What we need in 21st century agriculture is a new revolution in agricultural technology. New intensification technologies are needed in areas with land or water shortages, or which have particular soil or climate problems. These new technologies must be affordable by, and geared to, the needs of the poor and undernourished. Promising technologies have emerged that combine increased production with improved environmental protection such as no-till or conservation agriculture, higher nutrient use efficiency, and lower-input approaches for integrated pest and/or nutrient management and organic agriculture.
Global agricultural production can grow in line with demand, provided the necessary national and international policies to promote agriculture are in place. There is now a widely recognised need to significantly increase investment in agriculture, in order to generate environmentally sustainable productivity increases and expand production, while at the same time enhancing agriculture’s contribution to economic growth and poverty alleviation. Investing in agriculture and improving farmers’ resilience remain key to providing sustained access to food for all — and to reducing vulnerability to price volatility and natural disasters brought about by climate change. Governments must ensure that a transparent and predictable regulatory environment is in place, one that promotes private investment and increases farm productivity. We must reduce food waste in developed countries through education and the development and implementation of appropriate policies, and reduce food losses in developing countries by boosting investment in the entire value chain, especially post-harvest processing. More sustainable management of our natural resources is critical to the food security of many of the world’s most poor.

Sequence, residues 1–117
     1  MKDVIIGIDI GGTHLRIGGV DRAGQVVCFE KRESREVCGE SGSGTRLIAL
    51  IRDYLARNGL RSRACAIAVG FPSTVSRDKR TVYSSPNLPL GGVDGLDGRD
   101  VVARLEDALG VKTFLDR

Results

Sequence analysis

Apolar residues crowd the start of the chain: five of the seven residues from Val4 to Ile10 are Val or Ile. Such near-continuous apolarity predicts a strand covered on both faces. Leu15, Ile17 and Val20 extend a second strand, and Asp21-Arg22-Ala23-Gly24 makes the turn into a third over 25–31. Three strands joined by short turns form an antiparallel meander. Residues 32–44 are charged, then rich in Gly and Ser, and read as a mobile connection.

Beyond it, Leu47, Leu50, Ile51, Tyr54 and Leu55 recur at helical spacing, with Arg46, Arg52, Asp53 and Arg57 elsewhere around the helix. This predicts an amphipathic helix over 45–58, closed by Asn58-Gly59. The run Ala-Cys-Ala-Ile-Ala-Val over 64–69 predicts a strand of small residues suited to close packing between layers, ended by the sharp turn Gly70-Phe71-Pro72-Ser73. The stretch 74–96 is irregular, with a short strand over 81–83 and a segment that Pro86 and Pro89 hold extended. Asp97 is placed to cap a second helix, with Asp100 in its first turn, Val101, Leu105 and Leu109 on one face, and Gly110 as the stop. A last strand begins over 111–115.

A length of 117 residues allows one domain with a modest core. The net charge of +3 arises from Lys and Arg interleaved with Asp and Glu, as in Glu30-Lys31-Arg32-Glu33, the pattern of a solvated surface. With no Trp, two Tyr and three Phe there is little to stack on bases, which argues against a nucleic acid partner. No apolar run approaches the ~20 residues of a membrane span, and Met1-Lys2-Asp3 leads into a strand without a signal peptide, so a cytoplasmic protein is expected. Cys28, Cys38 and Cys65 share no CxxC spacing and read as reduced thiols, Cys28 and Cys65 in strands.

Overall, investment in agriculture needs to increase substantially, focusing on innovation, research and effective knowledge transfer to improve agriculture’s role as an engine of growth and poverty reduction so that it can function as a longer-term pillar for global food and nutrition security.
Luc M Maene, 16 bis, rue Jeanne d’Arc, 78100 St. Germain-en-Laye, France.
16 pages, 3 figures, 1 table, 22 references.